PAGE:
AKG D12 VR (featured) MSRP: $629.00
AKG is featured in My New Microphone’s Top 11 Best Microphone Brands You Should Know And Use.
High-End Lavalier/Mini Microphones
The high-end of pricing for lavalier, podium, and other miniature microphones is in the range of $500 – $1,000.
These lavalier microphones are typically very tiny and easy to conceal, offer excellent sound capture across the entire frequency spectrum, and are at least somewhat water resistant. If these three qualities are not present, the lavalier is likely not worth the price.
DPA d:screet CORE 6060 (featured) MSRP: $649.95
DPA is featured in My New Microphone’s Top 11 Best Microphone Brands You Should Know And Use.
$1,000 – $5,000
It’s really only the most reputable brands, or boutique “new vintage” microphone shops that produce microphones that retail for over $1,000. Many legendary but discontinued vintage microphones will also sell in this price range.
At this price range, you’re really paying for a few things. The vast majority of microphones priced above $1,000 are done so for many reasons:
- Continued research and development, allowing for excellent innovation in mic technology.
- Production methods that create one mic at a time or microphones in small batches with precision and tedious attention to detail.
- Rigorous testing and tweaking before the microphone is ever sent to market. This ensure a high standard of quality and consistency across all microphones of a specific model.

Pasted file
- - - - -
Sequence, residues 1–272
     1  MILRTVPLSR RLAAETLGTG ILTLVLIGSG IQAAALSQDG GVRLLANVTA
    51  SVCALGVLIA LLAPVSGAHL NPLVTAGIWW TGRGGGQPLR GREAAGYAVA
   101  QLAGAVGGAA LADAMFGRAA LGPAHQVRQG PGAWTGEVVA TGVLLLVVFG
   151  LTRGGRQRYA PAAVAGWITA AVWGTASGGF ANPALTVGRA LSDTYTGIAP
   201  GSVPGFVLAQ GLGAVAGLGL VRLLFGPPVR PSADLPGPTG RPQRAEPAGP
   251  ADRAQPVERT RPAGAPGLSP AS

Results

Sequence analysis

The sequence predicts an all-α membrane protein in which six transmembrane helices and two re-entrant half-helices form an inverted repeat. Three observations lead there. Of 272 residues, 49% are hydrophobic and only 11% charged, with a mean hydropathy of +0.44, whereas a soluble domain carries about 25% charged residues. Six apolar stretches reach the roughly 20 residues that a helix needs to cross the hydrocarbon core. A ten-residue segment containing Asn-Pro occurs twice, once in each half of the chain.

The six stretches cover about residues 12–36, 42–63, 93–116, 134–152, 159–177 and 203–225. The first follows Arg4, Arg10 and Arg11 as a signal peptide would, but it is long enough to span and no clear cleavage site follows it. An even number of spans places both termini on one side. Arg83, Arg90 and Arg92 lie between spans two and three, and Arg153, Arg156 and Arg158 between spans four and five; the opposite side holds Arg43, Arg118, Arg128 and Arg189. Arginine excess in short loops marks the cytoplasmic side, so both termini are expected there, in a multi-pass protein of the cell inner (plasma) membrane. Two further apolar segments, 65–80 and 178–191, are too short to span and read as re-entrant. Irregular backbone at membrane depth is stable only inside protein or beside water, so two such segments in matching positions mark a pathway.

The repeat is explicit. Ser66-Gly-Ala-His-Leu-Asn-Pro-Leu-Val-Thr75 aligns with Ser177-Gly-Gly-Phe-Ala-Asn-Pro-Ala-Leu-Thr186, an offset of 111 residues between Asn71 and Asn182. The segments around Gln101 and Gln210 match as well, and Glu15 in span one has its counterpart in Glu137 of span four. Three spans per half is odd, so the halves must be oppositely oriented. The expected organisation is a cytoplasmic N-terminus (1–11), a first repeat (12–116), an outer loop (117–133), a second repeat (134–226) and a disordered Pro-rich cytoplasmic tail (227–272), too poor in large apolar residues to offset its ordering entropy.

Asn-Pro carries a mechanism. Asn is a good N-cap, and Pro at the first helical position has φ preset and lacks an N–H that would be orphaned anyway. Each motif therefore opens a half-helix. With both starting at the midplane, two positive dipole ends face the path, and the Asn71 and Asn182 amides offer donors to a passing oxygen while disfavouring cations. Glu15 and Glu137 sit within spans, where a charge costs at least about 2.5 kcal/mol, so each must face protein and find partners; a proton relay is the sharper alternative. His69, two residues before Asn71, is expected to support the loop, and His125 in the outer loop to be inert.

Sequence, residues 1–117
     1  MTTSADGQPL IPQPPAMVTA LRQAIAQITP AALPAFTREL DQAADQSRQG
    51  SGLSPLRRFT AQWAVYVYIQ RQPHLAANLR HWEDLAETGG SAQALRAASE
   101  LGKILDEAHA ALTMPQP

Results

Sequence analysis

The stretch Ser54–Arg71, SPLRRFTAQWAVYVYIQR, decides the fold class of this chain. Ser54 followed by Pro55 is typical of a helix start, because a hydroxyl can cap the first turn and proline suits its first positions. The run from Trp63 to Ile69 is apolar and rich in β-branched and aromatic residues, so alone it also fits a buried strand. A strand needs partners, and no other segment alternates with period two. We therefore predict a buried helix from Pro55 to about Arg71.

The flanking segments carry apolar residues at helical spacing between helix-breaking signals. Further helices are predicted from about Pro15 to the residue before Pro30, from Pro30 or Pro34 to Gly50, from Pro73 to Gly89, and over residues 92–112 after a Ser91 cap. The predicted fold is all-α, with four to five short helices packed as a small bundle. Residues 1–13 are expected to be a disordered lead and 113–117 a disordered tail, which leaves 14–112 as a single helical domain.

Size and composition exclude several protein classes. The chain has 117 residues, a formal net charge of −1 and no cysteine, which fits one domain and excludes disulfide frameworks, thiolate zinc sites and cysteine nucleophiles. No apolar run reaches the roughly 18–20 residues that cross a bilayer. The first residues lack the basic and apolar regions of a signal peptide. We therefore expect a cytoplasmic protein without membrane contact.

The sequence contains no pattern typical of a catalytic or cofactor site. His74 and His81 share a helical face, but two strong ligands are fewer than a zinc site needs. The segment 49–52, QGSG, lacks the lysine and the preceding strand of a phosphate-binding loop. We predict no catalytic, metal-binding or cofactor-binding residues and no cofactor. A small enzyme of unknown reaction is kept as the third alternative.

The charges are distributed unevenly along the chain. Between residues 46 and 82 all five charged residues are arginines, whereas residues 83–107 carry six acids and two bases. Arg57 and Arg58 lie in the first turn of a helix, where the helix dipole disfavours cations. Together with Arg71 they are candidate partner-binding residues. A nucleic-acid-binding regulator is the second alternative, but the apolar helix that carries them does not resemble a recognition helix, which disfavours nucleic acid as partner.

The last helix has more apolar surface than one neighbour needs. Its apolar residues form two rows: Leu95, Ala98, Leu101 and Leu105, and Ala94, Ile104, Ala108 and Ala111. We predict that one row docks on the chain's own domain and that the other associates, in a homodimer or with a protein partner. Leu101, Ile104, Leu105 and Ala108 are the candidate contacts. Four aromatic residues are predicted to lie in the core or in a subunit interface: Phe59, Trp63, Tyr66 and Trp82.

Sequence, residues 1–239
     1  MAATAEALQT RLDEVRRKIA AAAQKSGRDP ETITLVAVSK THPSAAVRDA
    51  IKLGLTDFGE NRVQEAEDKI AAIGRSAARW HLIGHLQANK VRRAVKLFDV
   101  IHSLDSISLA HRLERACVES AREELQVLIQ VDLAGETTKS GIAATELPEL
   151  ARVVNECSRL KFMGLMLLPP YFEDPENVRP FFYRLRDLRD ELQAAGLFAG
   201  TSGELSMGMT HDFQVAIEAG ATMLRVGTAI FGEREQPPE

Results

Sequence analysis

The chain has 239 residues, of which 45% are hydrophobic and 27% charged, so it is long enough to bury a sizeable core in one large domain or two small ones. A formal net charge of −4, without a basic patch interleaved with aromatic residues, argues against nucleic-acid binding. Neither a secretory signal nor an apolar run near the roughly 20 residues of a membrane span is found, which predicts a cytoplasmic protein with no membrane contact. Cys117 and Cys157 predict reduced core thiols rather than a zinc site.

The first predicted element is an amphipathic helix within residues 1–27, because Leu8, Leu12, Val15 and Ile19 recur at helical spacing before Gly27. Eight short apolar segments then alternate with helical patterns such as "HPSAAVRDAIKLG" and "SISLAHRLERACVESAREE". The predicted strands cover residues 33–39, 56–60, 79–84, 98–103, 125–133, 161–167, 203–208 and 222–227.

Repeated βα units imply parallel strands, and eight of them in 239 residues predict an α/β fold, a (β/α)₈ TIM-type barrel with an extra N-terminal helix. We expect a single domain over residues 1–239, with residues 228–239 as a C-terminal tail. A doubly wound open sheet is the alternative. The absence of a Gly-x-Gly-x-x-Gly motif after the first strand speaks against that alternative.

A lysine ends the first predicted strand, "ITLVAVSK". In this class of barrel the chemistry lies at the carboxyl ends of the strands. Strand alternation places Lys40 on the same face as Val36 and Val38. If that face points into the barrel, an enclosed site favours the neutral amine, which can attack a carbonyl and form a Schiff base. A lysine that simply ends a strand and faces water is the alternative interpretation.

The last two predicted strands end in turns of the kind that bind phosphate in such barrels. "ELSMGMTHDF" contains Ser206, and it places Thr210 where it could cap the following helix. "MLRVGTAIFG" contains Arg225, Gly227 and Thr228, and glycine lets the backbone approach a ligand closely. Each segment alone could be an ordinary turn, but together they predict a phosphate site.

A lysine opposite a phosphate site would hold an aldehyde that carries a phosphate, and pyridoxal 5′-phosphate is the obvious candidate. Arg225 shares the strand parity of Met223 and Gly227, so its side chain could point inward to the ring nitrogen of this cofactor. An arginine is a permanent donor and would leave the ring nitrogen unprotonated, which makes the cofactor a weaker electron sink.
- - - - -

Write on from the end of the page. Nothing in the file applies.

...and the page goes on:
- Outstanding customer support and warranty.
- Brand name recognition because nothing says you mean business like several $3,600 Neumann U87AI’s in your soundproofed vocal booth.
High-End Moving-Coil Dynamic Microphones
Very few moving-coil dynamics retail for over $1,000. Even in my research, the featured Sennheiser MD 441U (MSRP of $1,130.00) was never actually for sale at that high of a price and was always under $1,000.
I’ll repeat that rarely will you ever find a moving-coil dynamic microphone that will retail for over $1,000. It’s just too much to ask.
Whether you think slightly above $1,000 is too much or not, it is indeed the high end of moving-coil dynamic microphone price points.
Sennheiser MD 441U (featured) MSRP: $1,130.00
High-Quality Ribbon Microphones